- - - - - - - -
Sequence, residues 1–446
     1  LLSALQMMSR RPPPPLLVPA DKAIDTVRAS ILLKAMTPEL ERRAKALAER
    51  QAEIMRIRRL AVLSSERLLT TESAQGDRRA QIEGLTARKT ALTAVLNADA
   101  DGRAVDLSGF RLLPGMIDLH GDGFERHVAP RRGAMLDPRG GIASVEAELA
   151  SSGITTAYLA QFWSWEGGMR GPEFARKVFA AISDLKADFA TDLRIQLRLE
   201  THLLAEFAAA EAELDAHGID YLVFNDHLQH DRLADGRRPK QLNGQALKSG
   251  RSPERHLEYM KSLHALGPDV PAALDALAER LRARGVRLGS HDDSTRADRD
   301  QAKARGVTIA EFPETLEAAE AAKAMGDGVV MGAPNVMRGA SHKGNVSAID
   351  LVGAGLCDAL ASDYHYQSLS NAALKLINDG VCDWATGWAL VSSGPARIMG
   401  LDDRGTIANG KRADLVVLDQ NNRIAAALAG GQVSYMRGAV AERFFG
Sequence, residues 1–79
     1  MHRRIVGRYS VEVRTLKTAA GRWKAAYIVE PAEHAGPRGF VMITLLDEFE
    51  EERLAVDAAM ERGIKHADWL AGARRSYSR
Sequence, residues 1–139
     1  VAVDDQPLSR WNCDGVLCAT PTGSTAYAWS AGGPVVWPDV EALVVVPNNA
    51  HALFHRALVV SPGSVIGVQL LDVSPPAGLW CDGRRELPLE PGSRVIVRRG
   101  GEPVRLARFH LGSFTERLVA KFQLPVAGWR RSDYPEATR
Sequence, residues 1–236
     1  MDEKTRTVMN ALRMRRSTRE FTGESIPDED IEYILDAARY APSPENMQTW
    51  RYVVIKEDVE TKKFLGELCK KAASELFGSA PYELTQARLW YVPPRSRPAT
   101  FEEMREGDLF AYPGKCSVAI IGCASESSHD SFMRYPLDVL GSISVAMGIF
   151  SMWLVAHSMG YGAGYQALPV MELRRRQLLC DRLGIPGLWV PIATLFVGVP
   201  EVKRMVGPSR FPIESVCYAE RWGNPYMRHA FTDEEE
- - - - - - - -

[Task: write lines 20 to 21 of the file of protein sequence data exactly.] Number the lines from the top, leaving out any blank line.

    51  RYVVIKEDVE TKKFLGELCK KAASELFGSA PYELTQARLW YVPPRSRPAT
   101  FEEMREGDLF AYPGKCSVAI IGCASESSHD SFMRYPLDVL GSISVAMGIF